Ascenders are one of the types of equipment used in aid climbing. Ascenders allow the climber to maintain his progress when taking a break. Learn how to use ascenders in this climbing video tutorial. Take action: consult your local store, attach with carabineer, and use teeth to create gripping friction. Josh, the instructor in this how-to video from Live Strong, is an avid climber that resides off the coast in central California. He has managed for a mountaineering sports company for several...

How To: Tie the Girth Hitch knot with a knot tying animation

Learn how to tie the Girth Hitch Knot for climbing. This animated knot tying tutorial is the best you'll find. With this knot tying how to, you can tie the Girth Hitch Knot fast or slow, or pause it at every step along the way. Learn to tie knots for your next climbing trip. Tie the Girth Hitch knot with a knot tying animation.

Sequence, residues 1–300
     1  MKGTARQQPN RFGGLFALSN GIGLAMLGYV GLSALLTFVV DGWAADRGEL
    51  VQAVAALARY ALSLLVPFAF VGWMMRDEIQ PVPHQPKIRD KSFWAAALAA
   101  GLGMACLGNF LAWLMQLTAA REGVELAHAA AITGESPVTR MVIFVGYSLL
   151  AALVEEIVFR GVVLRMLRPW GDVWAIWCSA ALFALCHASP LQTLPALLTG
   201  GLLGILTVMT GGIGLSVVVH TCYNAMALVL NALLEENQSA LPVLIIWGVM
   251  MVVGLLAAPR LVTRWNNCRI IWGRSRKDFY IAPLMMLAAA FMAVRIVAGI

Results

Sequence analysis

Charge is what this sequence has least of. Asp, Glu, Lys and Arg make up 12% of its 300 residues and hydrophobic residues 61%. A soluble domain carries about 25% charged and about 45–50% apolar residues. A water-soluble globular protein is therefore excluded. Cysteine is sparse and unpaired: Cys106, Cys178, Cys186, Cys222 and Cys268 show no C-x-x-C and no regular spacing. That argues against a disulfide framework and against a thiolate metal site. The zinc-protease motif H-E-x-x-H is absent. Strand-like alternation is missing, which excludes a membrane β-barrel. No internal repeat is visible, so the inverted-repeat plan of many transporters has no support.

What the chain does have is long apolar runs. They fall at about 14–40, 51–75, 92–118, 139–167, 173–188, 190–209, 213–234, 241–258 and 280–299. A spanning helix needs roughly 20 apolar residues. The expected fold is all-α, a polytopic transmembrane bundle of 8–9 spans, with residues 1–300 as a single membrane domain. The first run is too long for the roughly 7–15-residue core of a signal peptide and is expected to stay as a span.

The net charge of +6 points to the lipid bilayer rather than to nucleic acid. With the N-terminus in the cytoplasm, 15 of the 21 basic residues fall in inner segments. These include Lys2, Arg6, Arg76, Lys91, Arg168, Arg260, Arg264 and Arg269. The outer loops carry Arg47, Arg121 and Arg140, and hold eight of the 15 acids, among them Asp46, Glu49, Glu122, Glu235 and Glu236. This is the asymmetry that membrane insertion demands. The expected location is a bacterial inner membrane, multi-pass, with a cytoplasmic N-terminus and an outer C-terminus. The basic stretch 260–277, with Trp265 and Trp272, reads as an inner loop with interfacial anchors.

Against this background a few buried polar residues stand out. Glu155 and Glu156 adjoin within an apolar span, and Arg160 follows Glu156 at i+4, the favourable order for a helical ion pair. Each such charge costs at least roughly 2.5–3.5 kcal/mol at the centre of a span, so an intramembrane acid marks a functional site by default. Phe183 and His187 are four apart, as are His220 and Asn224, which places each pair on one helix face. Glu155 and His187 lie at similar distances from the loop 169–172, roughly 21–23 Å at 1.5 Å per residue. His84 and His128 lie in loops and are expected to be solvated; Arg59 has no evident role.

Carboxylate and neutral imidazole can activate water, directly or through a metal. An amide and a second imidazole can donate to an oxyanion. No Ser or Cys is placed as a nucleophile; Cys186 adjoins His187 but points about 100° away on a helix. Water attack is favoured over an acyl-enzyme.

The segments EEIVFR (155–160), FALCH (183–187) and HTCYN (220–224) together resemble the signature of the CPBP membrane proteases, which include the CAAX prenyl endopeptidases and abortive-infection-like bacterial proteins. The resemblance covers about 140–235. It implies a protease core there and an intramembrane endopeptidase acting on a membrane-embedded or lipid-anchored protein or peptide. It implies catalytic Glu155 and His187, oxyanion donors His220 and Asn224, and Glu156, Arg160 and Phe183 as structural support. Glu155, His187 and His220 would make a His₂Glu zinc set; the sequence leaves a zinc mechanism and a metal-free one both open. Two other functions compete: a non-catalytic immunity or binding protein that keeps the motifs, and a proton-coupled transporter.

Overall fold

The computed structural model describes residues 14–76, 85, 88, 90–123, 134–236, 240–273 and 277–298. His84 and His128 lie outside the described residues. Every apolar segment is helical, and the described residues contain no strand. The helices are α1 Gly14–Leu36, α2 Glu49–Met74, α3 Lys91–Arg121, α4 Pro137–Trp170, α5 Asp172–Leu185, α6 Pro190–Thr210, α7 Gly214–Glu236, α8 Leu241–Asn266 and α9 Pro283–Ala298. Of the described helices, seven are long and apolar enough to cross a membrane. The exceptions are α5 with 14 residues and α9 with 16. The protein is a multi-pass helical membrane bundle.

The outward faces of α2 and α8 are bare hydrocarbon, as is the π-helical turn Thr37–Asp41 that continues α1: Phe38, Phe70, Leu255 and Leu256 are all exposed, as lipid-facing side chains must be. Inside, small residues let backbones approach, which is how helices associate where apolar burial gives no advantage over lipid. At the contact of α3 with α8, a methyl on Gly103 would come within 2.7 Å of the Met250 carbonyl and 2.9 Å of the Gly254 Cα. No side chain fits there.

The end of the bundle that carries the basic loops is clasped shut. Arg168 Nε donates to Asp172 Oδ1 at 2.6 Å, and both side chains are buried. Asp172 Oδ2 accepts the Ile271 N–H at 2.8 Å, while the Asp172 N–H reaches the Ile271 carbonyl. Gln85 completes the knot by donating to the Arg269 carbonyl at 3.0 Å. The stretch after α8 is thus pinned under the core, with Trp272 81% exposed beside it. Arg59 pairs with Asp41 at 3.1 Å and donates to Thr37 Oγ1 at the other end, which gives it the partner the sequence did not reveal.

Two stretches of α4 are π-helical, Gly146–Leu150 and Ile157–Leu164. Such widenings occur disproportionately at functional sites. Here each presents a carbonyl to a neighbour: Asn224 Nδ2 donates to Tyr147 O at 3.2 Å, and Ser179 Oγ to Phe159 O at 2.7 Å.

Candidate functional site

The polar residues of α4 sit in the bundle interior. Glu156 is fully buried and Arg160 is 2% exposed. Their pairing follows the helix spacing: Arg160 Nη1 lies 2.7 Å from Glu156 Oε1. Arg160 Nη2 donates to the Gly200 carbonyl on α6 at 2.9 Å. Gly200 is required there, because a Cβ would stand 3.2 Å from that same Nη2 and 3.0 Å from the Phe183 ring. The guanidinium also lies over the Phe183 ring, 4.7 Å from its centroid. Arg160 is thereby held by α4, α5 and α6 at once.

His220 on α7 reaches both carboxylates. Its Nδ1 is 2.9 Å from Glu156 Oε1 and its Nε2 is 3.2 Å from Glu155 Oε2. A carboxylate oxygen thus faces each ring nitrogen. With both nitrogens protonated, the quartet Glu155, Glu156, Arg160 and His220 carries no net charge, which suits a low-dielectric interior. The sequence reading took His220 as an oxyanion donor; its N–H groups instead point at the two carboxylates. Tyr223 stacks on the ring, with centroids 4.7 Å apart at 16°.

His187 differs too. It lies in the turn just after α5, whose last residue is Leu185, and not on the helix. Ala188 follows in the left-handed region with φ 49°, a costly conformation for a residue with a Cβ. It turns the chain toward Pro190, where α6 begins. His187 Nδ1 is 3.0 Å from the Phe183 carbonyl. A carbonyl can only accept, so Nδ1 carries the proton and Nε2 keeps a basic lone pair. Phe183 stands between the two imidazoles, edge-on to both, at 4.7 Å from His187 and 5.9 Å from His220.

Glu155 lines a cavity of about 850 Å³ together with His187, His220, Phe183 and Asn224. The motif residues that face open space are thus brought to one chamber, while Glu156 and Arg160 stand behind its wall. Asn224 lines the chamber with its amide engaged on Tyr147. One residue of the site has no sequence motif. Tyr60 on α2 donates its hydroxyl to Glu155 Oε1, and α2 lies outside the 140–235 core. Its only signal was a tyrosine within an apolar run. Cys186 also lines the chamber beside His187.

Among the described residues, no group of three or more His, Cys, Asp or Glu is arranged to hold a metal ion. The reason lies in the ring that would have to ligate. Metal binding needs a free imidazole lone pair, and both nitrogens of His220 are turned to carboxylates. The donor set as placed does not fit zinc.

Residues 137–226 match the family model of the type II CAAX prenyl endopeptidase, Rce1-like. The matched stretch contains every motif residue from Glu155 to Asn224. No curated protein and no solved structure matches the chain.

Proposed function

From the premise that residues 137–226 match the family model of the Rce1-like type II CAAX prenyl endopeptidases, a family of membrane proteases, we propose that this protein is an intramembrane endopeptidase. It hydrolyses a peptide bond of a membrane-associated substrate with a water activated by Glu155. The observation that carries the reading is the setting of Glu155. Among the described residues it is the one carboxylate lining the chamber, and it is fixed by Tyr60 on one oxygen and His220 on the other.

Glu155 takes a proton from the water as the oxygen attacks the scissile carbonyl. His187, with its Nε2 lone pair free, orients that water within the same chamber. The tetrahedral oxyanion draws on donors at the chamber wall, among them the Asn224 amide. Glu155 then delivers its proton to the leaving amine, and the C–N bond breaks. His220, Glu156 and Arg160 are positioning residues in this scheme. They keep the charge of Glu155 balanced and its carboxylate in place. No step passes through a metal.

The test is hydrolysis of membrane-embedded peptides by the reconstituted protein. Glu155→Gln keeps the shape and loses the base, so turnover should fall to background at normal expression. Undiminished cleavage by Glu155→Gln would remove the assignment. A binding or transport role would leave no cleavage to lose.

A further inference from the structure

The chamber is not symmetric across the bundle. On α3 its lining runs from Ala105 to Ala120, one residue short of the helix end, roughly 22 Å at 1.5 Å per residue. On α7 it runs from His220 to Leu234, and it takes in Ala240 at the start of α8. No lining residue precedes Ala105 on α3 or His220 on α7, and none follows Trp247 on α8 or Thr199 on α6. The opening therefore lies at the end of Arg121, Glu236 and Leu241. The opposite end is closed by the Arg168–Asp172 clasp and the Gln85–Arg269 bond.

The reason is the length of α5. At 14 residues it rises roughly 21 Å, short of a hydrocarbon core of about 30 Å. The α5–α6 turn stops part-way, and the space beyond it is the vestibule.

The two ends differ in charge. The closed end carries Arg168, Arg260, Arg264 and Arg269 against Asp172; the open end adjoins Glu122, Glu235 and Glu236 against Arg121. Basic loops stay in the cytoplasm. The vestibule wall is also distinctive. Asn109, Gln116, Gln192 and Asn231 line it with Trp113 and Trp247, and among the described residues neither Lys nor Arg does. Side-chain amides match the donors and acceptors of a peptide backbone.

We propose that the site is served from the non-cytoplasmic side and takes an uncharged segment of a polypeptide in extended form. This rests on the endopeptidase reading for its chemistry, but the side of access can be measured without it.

How To: Make a rope back pack

This video demonstrates an easy way to carry your rope, or make a rope backpack. This video is actually shot on the side of a mountain. You will have to listen closely because there is some wind in the mic. Step by step instructions are given on how to make a rope back pack.

How To: Tie the Prussik rescue knot for climbing

This is a must know knot for any climber. Used for everything from self belay to crevasse rescue. Try this hitch out. It is real easy but believe me you can be really hooped if you don't know it. On the other hand this will get you out of a bind when nothing else will. Common knot for mountaineers who travel light in the big hills. Used to ascend a rope or self rescue out of a crevasse.